In the 18th century Grimod de la Reyniere invited his friends to a “funeral supper” which he held to promote his new book “Reflections On Pleasure”. When the friends got to his house, he locked them in a room and hurled abuse at them while others watched from a balcony above. When the visitors were finally released they all ran around telling everyone that La Reyniere was mad and his books sold like hotcakes.

event office In the 19th Century Balzac, in his work “Lost Illusions”,  said that not only was Paris  plastered with posters advertising new releases, it was standard practice to bribe editors and critics with lavish dinners to secure a good review.

In 1887 Guy de Maupassant sent up a hot air balloon over the Seine with the name of his latest short story, “Le Horla,” painted on its side.

book fest In 1884, Maurice Barrés hired men to wear sandwich boards promoting his literary review, Les Taches d’Encre.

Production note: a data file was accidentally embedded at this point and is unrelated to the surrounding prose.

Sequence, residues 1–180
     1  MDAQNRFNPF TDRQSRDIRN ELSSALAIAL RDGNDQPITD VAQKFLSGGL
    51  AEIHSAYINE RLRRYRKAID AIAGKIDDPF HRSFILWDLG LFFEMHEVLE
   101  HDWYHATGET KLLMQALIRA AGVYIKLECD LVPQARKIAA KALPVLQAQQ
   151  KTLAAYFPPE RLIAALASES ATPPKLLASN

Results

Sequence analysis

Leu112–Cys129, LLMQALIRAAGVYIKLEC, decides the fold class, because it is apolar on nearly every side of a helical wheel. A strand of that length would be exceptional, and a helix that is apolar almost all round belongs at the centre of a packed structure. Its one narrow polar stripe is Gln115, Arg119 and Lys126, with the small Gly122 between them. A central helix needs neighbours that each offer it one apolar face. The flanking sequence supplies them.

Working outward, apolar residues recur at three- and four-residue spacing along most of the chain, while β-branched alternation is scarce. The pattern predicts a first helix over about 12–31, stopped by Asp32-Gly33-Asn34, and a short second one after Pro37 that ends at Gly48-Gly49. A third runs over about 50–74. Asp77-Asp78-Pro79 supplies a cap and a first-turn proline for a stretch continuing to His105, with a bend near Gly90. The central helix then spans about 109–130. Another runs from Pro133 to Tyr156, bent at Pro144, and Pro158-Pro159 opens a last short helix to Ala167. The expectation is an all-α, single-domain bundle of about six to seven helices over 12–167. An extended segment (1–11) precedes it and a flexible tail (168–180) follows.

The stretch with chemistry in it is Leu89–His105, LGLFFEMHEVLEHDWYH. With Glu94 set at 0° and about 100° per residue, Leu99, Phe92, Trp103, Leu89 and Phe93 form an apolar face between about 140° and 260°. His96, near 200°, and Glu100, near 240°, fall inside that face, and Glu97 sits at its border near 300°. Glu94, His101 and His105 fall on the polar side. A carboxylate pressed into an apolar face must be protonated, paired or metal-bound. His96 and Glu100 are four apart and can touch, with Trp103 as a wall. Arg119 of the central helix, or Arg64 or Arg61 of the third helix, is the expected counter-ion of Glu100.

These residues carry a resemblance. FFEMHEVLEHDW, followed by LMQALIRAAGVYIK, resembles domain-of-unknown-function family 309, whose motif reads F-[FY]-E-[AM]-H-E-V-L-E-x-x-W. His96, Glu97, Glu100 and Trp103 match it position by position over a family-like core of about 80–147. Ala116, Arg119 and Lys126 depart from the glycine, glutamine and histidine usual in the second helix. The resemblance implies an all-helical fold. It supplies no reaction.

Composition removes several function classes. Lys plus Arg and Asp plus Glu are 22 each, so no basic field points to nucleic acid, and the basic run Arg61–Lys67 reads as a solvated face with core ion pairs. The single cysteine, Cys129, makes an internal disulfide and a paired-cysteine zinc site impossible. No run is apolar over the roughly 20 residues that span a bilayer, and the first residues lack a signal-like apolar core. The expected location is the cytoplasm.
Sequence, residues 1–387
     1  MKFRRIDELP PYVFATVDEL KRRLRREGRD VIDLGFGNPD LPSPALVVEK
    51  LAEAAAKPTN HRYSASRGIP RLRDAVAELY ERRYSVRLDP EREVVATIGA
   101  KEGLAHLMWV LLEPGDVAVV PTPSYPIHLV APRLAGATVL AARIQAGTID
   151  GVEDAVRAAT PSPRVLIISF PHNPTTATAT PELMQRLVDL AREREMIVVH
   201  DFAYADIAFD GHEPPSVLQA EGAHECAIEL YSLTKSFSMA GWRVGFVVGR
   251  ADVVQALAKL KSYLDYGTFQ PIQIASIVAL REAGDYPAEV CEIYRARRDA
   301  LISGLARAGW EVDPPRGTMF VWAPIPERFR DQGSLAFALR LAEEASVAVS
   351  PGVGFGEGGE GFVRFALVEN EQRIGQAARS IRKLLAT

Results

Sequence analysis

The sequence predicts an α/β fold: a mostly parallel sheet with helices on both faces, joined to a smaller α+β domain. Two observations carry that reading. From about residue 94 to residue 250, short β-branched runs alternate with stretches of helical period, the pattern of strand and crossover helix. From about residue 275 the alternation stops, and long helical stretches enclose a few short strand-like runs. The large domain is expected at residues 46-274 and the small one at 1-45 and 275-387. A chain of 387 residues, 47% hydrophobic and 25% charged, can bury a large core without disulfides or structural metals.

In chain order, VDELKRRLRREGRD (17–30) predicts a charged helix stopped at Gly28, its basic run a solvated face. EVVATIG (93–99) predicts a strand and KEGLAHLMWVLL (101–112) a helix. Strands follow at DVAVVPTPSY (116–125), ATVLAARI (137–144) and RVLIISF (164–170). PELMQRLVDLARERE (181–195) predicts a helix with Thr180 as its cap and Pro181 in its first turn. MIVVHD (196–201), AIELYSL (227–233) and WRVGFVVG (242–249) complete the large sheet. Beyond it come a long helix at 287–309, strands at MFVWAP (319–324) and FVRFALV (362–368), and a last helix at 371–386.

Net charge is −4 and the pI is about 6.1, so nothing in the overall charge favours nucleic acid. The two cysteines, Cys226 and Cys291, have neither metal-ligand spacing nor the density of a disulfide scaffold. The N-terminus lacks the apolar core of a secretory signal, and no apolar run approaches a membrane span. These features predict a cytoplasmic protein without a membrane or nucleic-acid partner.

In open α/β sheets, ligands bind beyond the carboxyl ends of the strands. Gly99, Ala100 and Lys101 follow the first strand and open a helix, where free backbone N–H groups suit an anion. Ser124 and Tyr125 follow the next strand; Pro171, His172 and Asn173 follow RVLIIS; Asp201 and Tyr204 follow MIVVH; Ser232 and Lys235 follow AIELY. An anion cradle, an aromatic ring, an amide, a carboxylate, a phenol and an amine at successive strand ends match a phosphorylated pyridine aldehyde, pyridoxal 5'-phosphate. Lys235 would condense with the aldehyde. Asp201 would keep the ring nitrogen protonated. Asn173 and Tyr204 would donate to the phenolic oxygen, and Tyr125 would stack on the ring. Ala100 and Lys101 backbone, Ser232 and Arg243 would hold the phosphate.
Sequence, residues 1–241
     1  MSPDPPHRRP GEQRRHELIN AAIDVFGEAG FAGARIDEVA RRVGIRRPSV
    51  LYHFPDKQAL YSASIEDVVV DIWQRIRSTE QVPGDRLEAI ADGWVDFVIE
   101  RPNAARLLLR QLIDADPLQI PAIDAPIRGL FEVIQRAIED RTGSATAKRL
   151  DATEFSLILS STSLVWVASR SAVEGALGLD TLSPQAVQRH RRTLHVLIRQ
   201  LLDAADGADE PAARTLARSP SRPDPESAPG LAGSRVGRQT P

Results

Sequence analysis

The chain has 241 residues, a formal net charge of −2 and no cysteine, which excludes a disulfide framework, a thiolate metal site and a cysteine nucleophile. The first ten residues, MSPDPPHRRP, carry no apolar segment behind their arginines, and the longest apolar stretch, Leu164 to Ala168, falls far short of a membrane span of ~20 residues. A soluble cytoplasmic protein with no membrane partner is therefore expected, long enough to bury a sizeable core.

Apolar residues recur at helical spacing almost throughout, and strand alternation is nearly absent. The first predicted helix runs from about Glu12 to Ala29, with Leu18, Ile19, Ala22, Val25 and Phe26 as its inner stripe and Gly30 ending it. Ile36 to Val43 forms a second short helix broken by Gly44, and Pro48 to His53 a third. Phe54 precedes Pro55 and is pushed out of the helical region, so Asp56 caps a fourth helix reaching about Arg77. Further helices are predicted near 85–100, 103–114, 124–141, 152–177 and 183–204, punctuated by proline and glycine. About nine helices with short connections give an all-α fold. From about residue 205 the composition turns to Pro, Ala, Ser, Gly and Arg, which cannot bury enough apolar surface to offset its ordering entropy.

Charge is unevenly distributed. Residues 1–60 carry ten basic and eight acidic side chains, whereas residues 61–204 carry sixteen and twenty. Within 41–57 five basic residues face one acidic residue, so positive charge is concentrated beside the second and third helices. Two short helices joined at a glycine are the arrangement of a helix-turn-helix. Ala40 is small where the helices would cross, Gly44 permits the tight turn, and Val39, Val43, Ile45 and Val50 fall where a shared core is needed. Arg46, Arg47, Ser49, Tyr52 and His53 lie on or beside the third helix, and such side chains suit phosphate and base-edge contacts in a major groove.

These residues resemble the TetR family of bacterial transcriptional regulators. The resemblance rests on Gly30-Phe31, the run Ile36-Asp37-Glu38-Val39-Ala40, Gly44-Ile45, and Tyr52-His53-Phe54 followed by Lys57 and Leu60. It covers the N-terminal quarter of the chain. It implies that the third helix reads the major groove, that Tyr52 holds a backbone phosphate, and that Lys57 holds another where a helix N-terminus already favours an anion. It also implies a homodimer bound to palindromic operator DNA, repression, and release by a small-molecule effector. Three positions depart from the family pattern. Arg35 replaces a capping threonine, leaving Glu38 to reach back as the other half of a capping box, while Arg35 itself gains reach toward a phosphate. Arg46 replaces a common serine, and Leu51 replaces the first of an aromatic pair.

In 1932 Colette created her own line of cosmetics, which flopped.

 

And in 1885 the famous American poet Walt Whitman wrote his own anonymous reviews:

 “An American bard at last! Large, proud, affectionate, eating, drinking and breeding, his costume manly and free, his face sun-burnt and bearded.”

photo So, you see, even if it sometimes feels wrong, when it comes to self promotion, we writers have to remember that we are in some very good company indeed 🙂

Finally, author Stendhal said in his biography “Memoirs of an Egotist”:

“Great success is not possible without a certain amount of shamelessness, and even of out-and-out charlatanism.”

 

Do you agree with Stendhal? And, if you are a writer, how far would you go to promote your book? If you are a reader, how much “charlatanism” would you put up with before being put off reading books by an author?

 

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9 Responses to How far would you go to promote yourself and your new book?

  1. Stendhal was absolutely correct. The public are interested in authors who believe enough in their work to go to great lengths to promote it. I do not feel that an author’s dignity is compromised by this at all; rather, the reverse is true. An author’s dignity is best maintained by success.